Alberto Cairo: How we Lie to Ourselves with Charts

Written by Aleaha Smith, Michigan State

Alberto Cairo speaks on the role of designers and information.

During the second session of the day, author, infographic specialist and freelancer Alberto Cairo challenges us to look deeper as we design and interpret infographics.

“We need to talk a bit less about how to make visualizations and infographics and more about how we reason about them,” Cairo explains.

He implores us to challenge and ultimately throw away common misconceptions we hold about visuals. For example, Cairo is confident the adage “a picture is worth a thousand words” is only partly true. The saying is only valid if an individual can interpret the picture correctly.

According to Cairo, only two-thirds of people can interpret graphics correctly. This is partly due to the fact that we, as humans, search for information that confirm our opinions. This can become dangerous in the era of “fake news.”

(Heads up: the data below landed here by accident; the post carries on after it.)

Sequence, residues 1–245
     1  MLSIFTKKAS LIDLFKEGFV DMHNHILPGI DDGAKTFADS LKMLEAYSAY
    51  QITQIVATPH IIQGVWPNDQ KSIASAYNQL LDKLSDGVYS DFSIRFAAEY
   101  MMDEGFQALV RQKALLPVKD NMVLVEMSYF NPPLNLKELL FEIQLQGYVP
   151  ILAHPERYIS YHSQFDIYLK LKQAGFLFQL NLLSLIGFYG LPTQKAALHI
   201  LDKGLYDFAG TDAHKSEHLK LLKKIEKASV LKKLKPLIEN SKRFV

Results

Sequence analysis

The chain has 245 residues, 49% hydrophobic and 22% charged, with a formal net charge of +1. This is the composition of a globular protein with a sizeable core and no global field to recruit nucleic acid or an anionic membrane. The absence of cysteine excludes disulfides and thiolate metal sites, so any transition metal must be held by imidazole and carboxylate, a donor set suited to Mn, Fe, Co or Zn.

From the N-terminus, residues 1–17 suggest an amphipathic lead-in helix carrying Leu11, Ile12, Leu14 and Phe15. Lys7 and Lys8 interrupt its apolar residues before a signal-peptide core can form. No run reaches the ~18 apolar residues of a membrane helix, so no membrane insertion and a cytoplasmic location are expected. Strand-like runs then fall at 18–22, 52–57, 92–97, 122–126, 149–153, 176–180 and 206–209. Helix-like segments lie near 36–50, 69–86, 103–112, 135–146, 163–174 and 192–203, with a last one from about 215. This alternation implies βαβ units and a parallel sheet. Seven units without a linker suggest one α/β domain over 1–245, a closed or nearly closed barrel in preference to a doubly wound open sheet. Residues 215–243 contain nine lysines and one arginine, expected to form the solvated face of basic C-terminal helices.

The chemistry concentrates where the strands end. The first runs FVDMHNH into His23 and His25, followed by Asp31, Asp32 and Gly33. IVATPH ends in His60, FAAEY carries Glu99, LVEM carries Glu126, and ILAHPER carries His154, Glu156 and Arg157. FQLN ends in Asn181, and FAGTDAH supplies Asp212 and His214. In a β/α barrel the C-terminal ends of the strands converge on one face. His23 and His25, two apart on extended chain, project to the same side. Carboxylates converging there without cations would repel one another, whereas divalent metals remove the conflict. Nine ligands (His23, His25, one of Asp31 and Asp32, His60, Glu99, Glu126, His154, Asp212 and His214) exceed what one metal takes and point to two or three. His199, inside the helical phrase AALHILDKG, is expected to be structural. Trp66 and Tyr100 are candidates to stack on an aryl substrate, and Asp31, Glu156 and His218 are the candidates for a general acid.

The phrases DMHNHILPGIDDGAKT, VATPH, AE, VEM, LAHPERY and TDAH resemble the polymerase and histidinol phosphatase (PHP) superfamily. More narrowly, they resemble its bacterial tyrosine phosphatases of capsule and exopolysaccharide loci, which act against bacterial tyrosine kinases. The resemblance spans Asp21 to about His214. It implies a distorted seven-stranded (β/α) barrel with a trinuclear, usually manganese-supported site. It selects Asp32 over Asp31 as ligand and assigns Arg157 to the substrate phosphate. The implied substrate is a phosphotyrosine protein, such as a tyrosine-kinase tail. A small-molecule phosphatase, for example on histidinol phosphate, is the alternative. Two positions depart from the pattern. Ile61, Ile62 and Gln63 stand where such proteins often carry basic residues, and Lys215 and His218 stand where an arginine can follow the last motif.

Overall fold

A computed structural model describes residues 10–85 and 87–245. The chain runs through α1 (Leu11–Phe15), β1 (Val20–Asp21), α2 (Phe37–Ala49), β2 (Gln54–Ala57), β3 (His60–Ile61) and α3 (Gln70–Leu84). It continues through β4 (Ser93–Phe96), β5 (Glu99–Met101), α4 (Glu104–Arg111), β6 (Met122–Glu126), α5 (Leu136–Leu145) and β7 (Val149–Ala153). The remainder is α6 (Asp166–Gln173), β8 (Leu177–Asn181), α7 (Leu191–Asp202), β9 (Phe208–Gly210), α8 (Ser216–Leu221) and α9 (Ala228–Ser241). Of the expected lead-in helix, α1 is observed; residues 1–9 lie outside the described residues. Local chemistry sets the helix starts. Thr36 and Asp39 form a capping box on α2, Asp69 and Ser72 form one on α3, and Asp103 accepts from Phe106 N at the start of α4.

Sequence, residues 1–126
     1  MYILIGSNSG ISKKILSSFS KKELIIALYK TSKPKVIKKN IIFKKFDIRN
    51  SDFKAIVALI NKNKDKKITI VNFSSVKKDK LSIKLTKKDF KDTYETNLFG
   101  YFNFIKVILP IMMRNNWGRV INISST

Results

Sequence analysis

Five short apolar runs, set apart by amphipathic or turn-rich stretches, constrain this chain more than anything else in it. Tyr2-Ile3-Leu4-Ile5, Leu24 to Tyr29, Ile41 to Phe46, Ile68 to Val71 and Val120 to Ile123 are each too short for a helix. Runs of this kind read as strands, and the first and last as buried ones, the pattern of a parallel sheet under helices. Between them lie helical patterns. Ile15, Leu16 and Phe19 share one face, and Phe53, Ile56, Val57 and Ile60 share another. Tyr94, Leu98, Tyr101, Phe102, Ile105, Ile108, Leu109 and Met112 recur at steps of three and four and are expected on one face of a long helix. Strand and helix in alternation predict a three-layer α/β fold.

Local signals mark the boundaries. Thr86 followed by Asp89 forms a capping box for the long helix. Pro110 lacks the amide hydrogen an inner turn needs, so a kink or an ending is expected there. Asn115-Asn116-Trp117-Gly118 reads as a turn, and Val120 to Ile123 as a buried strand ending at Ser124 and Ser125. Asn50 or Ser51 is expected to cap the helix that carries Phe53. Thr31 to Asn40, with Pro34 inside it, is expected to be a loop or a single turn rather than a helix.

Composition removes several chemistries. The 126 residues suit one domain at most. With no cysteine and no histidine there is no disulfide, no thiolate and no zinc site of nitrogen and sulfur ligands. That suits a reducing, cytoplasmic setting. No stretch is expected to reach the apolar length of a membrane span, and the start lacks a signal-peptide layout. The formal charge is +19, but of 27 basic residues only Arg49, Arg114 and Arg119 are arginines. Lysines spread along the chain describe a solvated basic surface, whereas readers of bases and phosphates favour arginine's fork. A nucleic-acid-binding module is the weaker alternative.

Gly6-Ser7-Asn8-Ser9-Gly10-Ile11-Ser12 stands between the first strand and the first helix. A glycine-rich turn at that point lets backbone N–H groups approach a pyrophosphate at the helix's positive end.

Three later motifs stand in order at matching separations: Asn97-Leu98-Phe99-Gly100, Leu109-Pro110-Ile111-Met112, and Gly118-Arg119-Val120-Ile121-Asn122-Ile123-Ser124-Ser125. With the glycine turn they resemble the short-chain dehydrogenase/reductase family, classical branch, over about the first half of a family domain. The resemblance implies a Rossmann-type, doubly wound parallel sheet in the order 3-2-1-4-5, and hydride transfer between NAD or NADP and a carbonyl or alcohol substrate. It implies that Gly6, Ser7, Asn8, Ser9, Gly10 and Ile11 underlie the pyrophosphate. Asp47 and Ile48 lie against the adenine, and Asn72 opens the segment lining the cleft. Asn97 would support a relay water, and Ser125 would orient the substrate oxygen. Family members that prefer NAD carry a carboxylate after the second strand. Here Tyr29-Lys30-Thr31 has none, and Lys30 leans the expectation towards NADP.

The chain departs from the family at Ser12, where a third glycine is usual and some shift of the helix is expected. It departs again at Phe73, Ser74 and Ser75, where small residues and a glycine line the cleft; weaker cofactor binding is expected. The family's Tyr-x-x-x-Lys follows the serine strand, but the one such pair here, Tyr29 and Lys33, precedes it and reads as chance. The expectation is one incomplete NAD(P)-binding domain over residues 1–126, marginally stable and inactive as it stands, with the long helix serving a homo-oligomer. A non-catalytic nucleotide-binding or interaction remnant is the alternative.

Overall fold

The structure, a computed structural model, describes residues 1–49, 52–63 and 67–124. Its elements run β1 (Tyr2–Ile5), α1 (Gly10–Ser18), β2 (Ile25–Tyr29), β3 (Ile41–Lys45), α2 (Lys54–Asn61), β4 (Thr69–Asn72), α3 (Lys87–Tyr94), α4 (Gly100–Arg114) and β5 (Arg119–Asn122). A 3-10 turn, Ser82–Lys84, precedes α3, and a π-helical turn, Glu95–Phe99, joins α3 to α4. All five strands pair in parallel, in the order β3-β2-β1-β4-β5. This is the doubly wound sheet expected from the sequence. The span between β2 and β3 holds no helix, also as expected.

“We have evidence that shows that charts change minds.”

– Alberto Cairo

As journalists we must become more cautious when designing and interpreting information. We must look deeper into the reasoning behind why a graph is demonstrating certain information.

As we keep this in mind, we must also remember to remain transparent and true to the information we demonstrate. In the words of Cairo, “We should not simplify information, but clarify information.”

What can we do?

  • Test your graphics: Show your visuals to non-designers and observe how they interpret your graphic.
  • Show AND Tell: Try not to assume everyone will be able to interpret the information you are presenting.
  • Learn to reason with and about numbers: Learn to interpret and demonstrate data in a meaningful manner.

For more information or to view Cairo’s lecture slides visit his twitter @albertocairo.

For more on the sessions that are taking place at #SNDChicago, visit our Twitter (@snd) and Instagram (@societyfornewsdesign) for live updates throughout the event.

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